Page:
Sometimes people just seem to completely vanish without a trace, to step off the face of the earth without any clear reason. On other occassions they later turn up dead, but this sometimes does very little to clear up the mystery. There are such cases out there that are so peppered with odd and unusual clues that they evade all conventional attempts to understand them, and one of these is the very weird disappearance and subsequent mysterious death of a young boy in Scotland, surrounded by bizarre clues and which has gone on to become one of the strangest cases the country has ever seen.

Tucked away within the quaint, rugged countryside near the craggy coast of Ayr, in South Ayrshire, Scotland, is a place once called Butlin's Ayr. Opened in 1946, it was designed to be an extravagant holiday camp for people looking to get away from it all for a bit of seclusion and relaxation, and the 110 acre complex was equipped with a variety of luxurious facilities such as a dining hall, amusement arcades, rides, indoor and outdoor pools, a seaside amusement park, a boating lake, tennis courts, ballroom, theater, medical center, chalets, and even its own miniature railway. The camp has changed names over the years, becoming Wondercrest World in 1982 and then Craig Tara in 1999, and although it seems like a nice place to visit it is perhaps most famous as the setting for the very mysterious disappearance and death of a young boy named Stephen McKerron.

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Butlin's Ayr

On September 19 of 1988, the 5-year-old McKerron was visiting the camp from Hamilton, Scotland on holiday with his aunt and uncle, Lyn and Ian Sneddon. By all accounts this was supposed to be fun day out, and the boy had been looking forward to it all immensely. At first it was everything he had ever dreamed of, and the family had a great time enjoying the myriad attractions the park had to offer on a fine, clear day. It should have been a dream, but it was all about to turn into more of a nightmare.

At one point during the otherwise joyous day, McKerron was playing on an escalator not far from the Sneddons, who were keeping an eye on him. For just a brief moment the boy was hidden from view by the crowds, and then he was just gone. At first the Sneddons thought nothing much of it. After all, he had just been right there and had only been obscured for a second, so they assumed that he had just wandered off and could not have gone far. The couple walked around the area where he been standing just moments before, but the boy was nowhere to be seen, and when they called his name there was no answer. Considering the park was quite crowded, they were still not fully alarmed just yet, but after spending about half-an-hour scouring the immediate area it began to set in that something was very wrong indeed, and authorities were notified. A full, intensive search of the camp and its surrounding remote countryside for 5 miles around would turn up no sign of the boy, and the case would quickly catapult itself to one of the largest missing persons searches in Scottish history, involving hundreds of police and volunteers, using dogs, aircraft equipped with special infrared cameras, and even divers to search the water, but still there was no trace. Flyers with the boy’s picture and descriptions of what he had been wearing were also widely distributed and led nowhere.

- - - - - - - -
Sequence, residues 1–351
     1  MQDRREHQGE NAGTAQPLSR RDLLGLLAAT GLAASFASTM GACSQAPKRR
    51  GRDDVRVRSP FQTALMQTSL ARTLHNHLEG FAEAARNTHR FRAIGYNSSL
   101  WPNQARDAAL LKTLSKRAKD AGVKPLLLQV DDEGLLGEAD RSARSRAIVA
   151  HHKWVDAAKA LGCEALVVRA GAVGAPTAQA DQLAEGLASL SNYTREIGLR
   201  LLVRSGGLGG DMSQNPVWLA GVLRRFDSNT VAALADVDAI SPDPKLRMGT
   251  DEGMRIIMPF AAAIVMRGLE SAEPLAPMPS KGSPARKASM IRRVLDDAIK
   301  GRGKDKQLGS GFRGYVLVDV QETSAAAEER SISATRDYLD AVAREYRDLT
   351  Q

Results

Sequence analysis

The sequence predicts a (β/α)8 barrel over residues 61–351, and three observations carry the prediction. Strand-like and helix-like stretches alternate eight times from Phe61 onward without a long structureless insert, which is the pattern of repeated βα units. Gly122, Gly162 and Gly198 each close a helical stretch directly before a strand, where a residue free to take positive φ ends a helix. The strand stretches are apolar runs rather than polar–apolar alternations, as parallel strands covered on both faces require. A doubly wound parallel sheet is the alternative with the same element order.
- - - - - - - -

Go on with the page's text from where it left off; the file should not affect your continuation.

The immediate theory was that McKerron had been abducted, that it was the only answer for why he would be nowhere in the camp or its vicinity, and there was one report from a witness claiming to have seen him at a park café with an unidentified middle aged man, as well as a few other witnesses who said they had possibly seen him walking about the camp holding hands with a man, but this was inconclusive, and indeed according to one witness it seemed as if the man was even perhaps trying to comfort and help the lost McKerron, possibly even trying to help him find his aunt and uncle. While kidnapping seemed an easy explanation, odd clues began to come in from other witnesses who gave testimony that suggested otherwise. One witness claimed to have seen McKerron climbing over the camp’s 7-foot high fence at around the time of his vanishing, and several drivers said that the boy had been seen walking alone along the nearby Ayr-Turnberry road. If that were true, then it suggested that he had for whatever reasons run off to venture off on his own into the wilderness on foot, but if that were the case how could he have gotten so far undetected amidst such a massive large scale search over isolated terrain for miles around?